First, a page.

It was time to spray some pastures. So, Mr. Joe got the spray rig hooked up, filled it with clean water, and turned it on so he could check that everything was working. He was pretty sure it would be because last fall he had taken the time to flush the system with an antifreeze solution to keep freezing water from cracking the pump or causing other damage. Had that happen the year before and, didn’t want any such problems this year. The pump was working fine. You could tell it was working because water was spewing from dozens of little round holes all along the spray hoses. What went wrong? What made all those holes in the hoses?
Camphor shot borer is a non-native bark beetle that was first detected in 1999 and now occurs throughout the eastern US. Terry Schiefer, curator of the MSU Insect Museum, found the first ones in his back yard in Starkville. What are the odds of that happening? Terry specializes in studying beetles, particularly bark beetles, so he was running traps to collect bark beetles.
These beetles damage hardwood trees by boring 2 mm diameter holes through the bark and into the sapwood and inoculating the tunnels with a fungus. They carry the seed-like spores in special pockets they have on their backs, called mycangia, and this fungus forms a dense, felt-like growth on the walls of the tunnels. The larvae hatch from eggs deposited in the tunnels and feed on this fungal growth. Bark beetles that grow fungus in this way are collectively known as ambrosia beetles.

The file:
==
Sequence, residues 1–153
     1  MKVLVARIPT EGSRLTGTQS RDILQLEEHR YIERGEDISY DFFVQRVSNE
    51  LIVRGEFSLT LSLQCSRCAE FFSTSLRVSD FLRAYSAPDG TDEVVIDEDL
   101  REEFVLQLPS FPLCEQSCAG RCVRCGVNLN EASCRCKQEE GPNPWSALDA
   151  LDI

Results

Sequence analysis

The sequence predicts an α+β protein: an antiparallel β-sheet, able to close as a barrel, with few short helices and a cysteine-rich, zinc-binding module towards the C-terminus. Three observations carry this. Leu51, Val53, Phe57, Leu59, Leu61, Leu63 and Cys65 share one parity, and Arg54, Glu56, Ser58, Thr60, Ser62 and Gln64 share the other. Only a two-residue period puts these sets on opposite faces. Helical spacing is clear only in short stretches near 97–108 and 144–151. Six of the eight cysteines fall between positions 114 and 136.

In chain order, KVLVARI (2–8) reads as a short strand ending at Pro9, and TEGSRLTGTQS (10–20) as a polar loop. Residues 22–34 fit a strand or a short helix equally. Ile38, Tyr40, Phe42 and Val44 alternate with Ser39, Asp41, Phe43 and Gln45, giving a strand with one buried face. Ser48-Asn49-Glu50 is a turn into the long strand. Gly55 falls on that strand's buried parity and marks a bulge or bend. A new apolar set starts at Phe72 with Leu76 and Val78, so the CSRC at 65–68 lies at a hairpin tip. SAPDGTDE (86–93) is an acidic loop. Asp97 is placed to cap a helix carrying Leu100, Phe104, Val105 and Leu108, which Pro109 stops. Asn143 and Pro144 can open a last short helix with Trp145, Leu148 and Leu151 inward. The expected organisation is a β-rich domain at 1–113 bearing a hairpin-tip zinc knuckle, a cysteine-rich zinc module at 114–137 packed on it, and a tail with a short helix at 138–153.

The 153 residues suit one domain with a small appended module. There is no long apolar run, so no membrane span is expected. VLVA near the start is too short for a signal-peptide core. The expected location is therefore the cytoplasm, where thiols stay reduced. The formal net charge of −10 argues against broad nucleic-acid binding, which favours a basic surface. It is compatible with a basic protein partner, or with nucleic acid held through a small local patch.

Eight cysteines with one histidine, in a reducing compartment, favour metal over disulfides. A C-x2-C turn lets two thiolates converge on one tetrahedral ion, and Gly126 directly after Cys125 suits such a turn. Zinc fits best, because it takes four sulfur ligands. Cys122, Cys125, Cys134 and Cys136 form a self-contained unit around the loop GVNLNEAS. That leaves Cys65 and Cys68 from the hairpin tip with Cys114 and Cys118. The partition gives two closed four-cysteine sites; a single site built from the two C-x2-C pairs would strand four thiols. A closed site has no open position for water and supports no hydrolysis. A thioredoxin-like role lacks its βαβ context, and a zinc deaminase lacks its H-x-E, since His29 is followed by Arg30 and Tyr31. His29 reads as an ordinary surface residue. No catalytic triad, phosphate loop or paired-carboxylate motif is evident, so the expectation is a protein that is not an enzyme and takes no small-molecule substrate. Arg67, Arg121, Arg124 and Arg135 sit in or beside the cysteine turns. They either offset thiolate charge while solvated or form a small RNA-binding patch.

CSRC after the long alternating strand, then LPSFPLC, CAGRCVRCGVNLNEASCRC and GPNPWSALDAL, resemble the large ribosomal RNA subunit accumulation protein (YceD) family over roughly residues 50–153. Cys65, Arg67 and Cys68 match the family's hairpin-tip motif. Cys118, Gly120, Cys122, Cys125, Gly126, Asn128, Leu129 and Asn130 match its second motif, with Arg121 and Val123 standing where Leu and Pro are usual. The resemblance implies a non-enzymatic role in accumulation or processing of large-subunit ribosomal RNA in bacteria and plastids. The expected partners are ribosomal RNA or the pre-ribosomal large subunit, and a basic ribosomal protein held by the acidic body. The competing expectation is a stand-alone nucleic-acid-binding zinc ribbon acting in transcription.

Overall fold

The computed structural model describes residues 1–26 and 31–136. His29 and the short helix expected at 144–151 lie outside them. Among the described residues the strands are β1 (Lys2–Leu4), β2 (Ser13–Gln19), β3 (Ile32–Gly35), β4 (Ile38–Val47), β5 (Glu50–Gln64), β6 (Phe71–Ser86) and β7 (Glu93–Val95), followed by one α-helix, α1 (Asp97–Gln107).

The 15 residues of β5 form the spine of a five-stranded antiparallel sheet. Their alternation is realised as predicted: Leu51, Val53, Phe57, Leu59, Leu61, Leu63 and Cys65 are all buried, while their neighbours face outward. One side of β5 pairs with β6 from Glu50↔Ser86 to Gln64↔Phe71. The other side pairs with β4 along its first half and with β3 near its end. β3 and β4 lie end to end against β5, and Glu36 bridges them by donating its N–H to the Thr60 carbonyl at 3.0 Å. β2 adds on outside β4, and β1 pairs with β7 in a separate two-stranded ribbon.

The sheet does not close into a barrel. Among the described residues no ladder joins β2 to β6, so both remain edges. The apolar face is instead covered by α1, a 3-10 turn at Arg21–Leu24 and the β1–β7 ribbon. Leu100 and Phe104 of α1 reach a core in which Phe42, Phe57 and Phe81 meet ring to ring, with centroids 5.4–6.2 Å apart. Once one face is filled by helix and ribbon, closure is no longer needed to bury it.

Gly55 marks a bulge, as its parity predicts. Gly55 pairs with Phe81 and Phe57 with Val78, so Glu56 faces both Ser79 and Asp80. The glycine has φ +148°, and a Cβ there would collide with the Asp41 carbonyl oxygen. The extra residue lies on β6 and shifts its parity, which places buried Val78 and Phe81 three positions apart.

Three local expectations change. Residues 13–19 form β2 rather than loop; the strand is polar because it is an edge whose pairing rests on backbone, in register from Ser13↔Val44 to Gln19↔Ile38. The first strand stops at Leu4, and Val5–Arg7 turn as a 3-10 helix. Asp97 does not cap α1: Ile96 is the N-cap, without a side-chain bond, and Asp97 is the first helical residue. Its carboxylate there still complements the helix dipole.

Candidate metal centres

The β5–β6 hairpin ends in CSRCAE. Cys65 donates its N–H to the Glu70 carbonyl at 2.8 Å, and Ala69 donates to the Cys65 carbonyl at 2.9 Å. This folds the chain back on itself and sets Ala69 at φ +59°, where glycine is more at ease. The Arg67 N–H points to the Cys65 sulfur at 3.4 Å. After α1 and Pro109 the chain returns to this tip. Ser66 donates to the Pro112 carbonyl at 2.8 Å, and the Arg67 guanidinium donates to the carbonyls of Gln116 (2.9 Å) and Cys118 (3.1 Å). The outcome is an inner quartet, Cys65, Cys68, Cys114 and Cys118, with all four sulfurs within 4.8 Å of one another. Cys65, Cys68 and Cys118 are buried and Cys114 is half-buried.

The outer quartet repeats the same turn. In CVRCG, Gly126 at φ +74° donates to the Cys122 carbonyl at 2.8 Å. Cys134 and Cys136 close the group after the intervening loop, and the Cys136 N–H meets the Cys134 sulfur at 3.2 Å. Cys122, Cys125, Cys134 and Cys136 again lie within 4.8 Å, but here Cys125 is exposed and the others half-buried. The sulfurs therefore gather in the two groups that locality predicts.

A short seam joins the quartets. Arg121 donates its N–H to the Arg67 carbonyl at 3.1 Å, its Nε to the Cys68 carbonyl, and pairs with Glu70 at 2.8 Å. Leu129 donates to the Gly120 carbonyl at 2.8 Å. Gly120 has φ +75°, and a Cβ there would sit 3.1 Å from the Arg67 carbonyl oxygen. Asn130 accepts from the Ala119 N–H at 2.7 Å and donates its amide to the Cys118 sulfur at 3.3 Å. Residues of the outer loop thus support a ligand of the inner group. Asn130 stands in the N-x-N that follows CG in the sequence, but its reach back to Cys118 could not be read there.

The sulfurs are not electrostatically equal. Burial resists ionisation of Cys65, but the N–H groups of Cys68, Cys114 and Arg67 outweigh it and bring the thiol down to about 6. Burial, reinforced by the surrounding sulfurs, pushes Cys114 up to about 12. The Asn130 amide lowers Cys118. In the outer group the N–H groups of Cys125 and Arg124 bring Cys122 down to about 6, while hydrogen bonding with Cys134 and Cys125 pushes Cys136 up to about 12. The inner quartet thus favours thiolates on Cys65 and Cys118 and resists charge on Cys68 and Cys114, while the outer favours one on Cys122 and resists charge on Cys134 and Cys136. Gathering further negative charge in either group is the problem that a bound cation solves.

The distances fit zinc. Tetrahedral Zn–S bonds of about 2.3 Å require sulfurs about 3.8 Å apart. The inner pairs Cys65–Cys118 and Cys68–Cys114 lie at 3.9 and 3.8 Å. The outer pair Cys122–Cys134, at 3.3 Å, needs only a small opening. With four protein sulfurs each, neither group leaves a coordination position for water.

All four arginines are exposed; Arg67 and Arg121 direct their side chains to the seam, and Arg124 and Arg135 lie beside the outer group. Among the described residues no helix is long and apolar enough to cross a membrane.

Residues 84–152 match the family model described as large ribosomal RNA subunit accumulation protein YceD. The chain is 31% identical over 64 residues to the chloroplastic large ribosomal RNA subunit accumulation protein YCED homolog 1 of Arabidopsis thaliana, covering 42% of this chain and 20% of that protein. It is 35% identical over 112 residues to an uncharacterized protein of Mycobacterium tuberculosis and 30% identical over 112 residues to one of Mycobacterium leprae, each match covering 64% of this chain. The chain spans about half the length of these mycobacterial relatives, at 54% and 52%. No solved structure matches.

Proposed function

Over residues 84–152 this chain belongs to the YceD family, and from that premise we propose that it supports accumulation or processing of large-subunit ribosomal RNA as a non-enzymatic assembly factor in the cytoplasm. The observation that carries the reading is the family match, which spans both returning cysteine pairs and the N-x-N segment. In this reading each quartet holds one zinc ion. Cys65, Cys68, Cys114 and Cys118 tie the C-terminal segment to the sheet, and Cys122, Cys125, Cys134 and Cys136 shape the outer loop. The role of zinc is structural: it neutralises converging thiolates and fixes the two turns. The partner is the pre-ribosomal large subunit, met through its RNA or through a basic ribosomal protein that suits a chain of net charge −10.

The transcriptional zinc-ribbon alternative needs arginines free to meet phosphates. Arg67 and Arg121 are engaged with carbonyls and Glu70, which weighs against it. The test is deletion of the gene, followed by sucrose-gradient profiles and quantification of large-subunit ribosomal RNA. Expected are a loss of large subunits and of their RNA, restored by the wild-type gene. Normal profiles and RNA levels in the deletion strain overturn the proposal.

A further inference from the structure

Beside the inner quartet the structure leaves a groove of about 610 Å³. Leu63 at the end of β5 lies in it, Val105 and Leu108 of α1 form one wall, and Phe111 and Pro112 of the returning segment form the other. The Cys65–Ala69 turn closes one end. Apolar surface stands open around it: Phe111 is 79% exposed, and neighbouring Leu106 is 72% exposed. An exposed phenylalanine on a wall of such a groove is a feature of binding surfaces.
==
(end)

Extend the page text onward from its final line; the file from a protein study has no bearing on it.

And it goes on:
So why are these beetles also known as “gas can beetles” and why had they bored holes in Mr. Joe’s spray hoses? Camphor shot borers love alcohol. They can smell it from far away and are strongly attracted to it. They prefer to lay their eggs in weak or injured trees and such trees produce small amounts of alcohol. Out in the woods female shot borers find suitable hosts by flying to the odor of alcohol.
Trouble was, Mr. Joe used an ethanol-based antifreeze when he winterized that sprayer, and the ethanol was absorbed into the rubber hoses. This tricked female beetles that emerged in the spring and were looking for a tree in which to lay their eggs into boring into those rubber hoses instead.
This is not the only thing that tricks these beetles. Plastic gas cans or gas tanks filled with ethanol-containing gasoline are also attacked. Often the beetles don’t stop boring until they get a face full of gasoline. That stops them in their tracks! There may be more than a few beetles involved in these attacks. Some gas cans are so heavily riddled, they look like they have been blasted with heavy bird shot. Each year now there are cases of gas cans that leak, mowers that won’t run and sprayers that won’t spray because of “gas can beetles.” There have even been a few cases of sea-going boats being stranded miles offshore.
What does Terry use as bait for his bark beetle traps? Ethanol.
Blake Layton, Extension Entomology Specialist, Mississippi State University Extension Service.
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